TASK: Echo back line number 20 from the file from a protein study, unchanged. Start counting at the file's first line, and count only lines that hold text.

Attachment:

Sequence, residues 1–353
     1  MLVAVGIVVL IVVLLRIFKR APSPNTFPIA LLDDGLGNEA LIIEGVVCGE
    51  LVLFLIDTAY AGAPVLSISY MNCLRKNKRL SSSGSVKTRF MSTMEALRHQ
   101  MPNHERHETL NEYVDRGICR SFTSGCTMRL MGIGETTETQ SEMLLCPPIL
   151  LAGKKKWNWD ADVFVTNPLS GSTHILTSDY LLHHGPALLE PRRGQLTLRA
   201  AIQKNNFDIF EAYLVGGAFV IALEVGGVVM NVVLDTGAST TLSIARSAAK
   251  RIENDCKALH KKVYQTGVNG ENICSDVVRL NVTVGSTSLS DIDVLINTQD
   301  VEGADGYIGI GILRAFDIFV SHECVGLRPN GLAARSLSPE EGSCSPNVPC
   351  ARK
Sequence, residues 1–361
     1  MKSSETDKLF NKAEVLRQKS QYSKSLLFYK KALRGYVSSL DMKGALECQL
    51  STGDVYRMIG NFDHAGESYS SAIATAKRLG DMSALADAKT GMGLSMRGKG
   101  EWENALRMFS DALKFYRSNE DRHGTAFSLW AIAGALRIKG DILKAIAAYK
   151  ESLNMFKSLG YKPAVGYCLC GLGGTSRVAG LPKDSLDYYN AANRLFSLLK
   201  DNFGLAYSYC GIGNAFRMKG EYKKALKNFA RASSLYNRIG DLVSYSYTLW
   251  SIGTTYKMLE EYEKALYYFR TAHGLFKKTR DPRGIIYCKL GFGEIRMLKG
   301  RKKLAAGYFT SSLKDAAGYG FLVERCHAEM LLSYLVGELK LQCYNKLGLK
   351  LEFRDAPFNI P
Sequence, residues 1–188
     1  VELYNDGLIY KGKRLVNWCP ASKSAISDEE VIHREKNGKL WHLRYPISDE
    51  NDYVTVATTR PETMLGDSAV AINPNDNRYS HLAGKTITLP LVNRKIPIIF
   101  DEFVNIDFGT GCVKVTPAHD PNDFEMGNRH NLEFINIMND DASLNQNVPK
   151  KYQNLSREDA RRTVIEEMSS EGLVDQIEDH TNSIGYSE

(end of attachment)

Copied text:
     1  VELYNDGLIY KGKRLVNWCP ASKSAISDEE VIHREKNGKL WHLRYPISDE